After a few years, renting can add up to be pretty expensive. If you’ve got the money saved up for a down payment, you might be thinking about purchasing a home instead. After all, home ownership is the better option long-term, right? Well, if you’re not careful, owning a home can get expensive very quickly. Be sure you’re accounting for these extra expenses when you’re looking to buy a home. Closing Costs When you’re looking at the listing price of a home, expect to pay a few thousand dollars over the number you initially see. Even if you negotiate on the price of the home, closing costs and fees can drive the price back up. Try to budget an extra 2% to 5% of the home’s cost for closing fees.
In today’s modern world, cars can seem like a necessity, and it’s not hard to see why. Many jobs will require you to have your own form of reliable transportation, and for most people that means saving up to purchase a vehicle of their own. This could be why the auto industry is continuing to grow, with experts predicting that approximately 107 million vehicles will be manufactured worldwide in 2020. But is your car really worth owning? Cars can be incredibly expensive to maintain, lose their value quickly, contribute to climate change, and are risky to both you and others. Here are a few reasons it might be time to ditch your car for good.
So you’ve finally decided to take the plunge and start your own business. While being your own boss and running a business yourself can be an exciting prospect, it can also be a shockingly expensive one. Most people don’t have the capital laying around to invest in an expensive venture like a startup, so keeping your initial expenses to a minimum is essential. Use these tips to keep your initial start up expenses as small as possible, so you can save up enough to get started sooner.
Whether you’re opening your first ever business and are the only one in the entire company or you’re running a small business with a few dozen employees, there is one thing that you’ll need at all times: capital. The words for “silver” and “money” are the same in at least 14 different languages; and while silver is great to possess, a business of any kind needs cold, hard, cash. In fact, according to a U.S. Bank study, 82% of companies that fail do so entirely because of cash flow. Hopefully, you’re getting the hang of running your own business, are offering quality products and services, and are keeping your clients happy at all times. Unfortunately, even if you’re doing all of that, your company is still in jeopardy of being deprived of its cash.
When you own and manage your own business, your plate is pretty full with important tasks. From sending emails to talking to both potential and current clients to marketing your brand, you have a lot to do on a day-to-day basis. Fortunately, we live in a time when technology can make a lot of these tasks much easier to handle. So let’s take a look at a few ways you can use technology to manage and grow your personal business. First off, you need a great website. Having a good website can make managing your business easier because customers will be able to find what they’re looking for and people can learn more about your business without talking directly to you. Take advantage of a website creation platform for an easy way to create a well-designed site. Having a good website design is especially important with 96% of consumers saying design is the main reason they “trust” a site. From there, build your content and consider using SEO strategies to increase your chances of being shown in search engine results. With there being four billion searches on Google each and every day, it’s important to do what you can to make sure your site is seen by consumers.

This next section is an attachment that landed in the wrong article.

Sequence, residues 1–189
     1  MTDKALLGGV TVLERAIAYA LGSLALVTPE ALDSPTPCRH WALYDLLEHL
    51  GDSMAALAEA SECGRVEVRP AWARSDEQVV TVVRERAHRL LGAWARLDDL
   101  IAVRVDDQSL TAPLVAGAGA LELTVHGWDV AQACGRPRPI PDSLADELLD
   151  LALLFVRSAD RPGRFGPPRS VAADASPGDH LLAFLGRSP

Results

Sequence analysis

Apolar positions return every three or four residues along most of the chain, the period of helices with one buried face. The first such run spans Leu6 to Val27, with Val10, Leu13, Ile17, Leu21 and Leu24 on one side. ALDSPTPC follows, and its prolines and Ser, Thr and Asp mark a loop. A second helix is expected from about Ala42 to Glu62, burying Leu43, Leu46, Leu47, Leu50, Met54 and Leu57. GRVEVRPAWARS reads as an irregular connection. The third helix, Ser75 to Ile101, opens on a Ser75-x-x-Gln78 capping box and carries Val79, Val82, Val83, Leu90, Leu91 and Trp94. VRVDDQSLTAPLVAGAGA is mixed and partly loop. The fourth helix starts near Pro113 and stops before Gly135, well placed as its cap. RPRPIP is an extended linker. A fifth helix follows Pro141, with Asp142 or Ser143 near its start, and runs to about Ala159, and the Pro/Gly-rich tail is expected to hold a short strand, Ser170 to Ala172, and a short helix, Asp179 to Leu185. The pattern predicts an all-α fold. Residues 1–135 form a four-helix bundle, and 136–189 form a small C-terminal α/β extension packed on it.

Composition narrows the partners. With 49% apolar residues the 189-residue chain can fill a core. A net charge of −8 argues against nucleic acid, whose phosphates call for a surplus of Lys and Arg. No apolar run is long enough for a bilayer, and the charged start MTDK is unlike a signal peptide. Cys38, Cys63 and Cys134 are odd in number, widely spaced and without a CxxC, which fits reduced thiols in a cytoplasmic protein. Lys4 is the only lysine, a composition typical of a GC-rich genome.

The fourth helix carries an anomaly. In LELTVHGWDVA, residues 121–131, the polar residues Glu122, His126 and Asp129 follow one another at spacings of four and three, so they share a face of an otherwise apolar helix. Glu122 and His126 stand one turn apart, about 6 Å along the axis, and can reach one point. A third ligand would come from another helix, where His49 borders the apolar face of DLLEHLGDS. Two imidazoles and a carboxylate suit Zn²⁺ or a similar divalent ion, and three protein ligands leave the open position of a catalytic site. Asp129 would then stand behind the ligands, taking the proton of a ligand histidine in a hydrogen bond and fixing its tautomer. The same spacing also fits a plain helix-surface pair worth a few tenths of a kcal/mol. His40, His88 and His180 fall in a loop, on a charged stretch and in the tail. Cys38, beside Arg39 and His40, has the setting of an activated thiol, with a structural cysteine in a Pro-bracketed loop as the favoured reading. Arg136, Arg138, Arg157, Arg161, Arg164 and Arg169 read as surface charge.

On occasion, dining out is a real treat. You get to spend time with friends and family and explore new places. A waiter offers you a host of delicious food and drink options, and at the end of the night, someone else gets paid to do the dishes. Unfortunately, in our busy lives dining out can go from a rare treat to an expensive habit. Instead of enjoying a new hangout, we sometimes rely on restaurants and fast food options for their speed and convenience. A habit of eating out too often can have surprisingly negative consequences for your health, budget, and family relationships. Here are four compelling reasons to limit eating habits to mostly home cooking with occasional fun on-the-town dining splurges: